If you are severely restricting calories, when you have a bowel movement, it is going to be smaller than average and even more painful due to lack of food.
Fiber is the cooler, healthier version of carbohydrates although foundationally they are one in the same. Eating a low-carbohydrate diet essentially starves the probiotics that live in your gut, preventing beneficial bacteria from making a home in your microbiome.
Low-carb diets for gut health are promoted under the guise of being symptom-reducers, but note that they are not problem solvers. Eating fewer carbohydrates means you will have less bacterial diversity and short-term digestive discomfort.
Eating low carb is the diet version of an antibiotic, as you would not be feeding any bacteria – neither beneficial or harmful! Without feeding the beneficial bacteria, your gut lining is unable to repair and reseal.
Disclaimer: If you are coming off of a low-carb diet, there will be initial digestive discomfort while the body figures out how to create enough carb-digesting enzymes.
Ease into upping your carbohydrate intake; >150 grams is recommended.
While prebiotics stimulate the release of SCFAs, overconsumption of saturated fats releases lipopolysaccharide (LPS) endotoxins. They are able to enter the bloodstream and cause neuroinflammation that reduces motility needed for regular bowel movements.
It is recommended to limit saturated fats to 1 tbsp per meal or eliminate them if following an anti-inflammatory diet for constipation relief.
Sources of saturated fat are non-lean animal products such as:
- Chicken with the skin
- Turkey with the skin
- Full fat dairy
What to Eat for Constipation Relief
Now you should better understand how to eat an anti-constipation diet. To summarize, here is exactly what to eat for constipation relief:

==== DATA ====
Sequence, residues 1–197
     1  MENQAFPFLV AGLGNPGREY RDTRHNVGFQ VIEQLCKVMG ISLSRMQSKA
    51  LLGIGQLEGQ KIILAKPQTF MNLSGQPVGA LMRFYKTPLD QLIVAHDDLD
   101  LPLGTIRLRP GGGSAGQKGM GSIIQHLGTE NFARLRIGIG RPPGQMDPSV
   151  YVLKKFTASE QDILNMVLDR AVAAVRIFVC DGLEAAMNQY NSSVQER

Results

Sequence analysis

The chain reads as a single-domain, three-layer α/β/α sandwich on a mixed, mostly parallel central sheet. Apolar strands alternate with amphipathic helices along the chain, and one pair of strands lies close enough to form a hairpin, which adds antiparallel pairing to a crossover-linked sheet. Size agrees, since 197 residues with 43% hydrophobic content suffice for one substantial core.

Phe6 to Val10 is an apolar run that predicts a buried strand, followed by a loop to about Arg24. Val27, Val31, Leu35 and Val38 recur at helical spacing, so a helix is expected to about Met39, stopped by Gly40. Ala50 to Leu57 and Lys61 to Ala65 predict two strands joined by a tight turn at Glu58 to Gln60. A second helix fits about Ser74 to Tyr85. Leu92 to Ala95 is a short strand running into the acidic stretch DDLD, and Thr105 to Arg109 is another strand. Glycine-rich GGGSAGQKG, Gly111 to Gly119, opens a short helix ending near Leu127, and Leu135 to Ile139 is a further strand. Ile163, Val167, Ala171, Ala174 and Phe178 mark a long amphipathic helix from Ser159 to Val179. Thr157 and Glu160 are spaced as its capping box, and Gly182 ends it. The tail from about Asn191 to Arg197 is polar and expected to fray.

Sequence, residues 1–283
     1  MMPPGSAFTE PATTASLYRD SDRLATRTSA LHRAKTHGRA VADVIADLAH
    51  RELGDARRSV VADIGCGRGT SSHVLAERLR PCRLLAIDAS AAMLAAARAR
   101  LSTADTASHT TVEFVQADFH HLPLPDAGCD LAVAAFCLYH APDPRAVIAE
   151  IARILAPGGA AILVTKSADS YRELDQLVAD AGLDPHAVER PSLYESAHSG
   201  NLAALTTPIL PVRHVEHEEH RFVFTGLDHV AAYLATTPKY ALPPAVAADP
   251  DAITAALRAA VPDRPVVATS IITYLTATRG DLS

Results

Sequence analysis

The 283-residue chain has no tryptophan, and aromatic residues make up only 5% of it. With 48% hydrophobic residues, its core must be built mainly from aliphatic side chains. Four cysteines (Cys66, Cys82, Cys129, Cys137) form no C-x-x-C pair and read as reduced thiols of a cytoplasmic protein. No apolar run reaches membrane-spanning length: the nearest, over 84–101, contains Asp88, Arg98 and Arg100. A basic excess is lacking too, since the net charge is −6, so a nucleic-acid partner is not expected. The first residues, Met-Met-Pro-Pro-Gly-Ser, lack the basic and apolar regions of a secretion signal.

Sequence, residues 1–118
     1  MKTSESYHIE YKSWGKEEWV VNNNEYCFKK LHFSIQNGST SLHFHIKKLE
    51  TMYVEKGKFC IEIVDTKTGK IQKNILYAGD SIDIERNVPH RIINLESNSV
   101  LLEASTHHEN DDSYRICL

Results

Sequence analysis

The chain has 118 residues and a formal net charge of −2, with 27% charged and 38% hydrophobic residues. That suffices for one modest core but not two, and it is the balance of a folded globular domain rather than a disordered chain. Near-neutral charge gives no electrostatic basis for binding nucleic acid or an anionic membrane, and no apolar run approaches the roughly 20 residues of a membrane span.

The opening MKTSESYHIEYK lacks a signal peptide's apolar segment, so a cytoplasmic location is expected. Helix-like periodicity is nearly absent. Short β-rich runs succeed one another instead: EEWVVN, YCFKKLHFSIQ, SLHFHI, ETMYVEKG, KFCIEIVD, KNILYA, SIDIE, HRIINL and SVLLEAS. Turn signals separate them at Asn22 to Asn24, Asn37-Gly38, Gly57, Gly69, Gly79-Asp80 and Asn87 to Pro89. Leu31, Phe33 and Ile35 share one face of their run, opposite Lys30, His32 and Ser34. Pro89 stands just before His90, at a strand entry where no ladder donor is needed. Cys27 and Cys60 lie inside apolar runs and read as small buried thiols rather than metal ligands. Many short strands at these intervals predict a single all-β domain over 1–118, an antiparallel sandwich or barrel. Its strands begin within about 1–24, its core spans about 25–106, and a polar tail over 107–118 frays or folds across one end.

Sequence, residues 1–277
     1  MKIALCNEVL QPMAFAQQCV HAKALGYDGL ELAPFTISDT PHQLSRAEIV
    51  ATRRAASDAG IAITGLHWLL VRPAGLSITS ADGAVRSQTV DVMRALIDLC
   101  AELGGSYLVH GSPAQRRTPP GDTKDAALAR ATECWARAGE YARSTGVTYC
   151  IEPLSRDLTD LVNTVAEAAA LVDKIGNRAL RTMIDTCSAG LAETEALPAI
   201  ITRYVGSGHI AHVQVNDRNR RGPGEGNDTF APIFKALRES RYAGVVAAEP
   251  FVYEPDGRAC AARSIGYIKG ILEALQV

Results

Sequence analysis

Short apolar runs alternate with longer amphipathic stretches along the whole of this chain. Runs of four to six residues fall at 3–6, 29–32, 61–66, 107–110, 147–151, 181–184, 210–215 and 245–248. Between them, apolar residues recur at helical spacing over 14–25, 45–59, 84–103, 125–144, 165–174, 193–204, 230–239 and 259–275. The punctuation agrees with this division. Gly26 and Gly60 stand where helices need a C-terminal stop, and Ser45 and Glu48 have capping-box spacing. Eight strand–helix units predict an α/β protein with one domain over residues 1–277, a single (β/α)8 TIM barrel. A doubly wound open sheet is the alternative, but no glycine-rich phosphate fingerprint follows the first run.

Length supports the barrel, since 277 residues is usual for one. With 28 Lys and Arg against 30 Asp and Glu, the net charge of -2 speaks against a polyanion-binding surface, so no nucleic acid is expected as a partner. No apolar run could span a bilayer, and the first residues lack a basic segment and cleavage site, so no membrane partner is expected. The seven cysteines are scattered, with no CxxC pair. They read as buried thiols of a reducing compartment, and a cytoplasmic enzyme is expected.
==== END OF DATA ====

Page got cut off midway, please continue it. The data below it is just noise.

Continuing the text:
- Work on slowly increasing your fiber from plant food sources and phenolic compounds to give your good gut bacteria the fuel they need.
- Incorporate whole food sources of prebiotics and probiotics to improve the health of your microbiome.
- Eat enough calories for your height, weight, and activity level so that your body has something to digest.
- Eat enough CARBS so your gut bacteria can thrive and you are not raising cortisol.
- Limit your saturated fat intake to prevent free LPS toxins from lowering your gut motility.
It’s time to get the bowel movement you deserve! Keep in mind our top 5 foods to eat for constipation relief. Eat a wide variety of plant foods, eat enough, engage in regular physical activity that feels good to you, practice self-care, and stay hydrated. Lastly, stay away from saturated fats and very low-carb diets. These simple changes can help relieve the pain and suffering of constipation so you can enjoy your life and health.
Constipation can also lead to horrific bloating. If you’re struggling with both constipation and bloating head over and read our blog “Bloating Remedies that Actually Work.”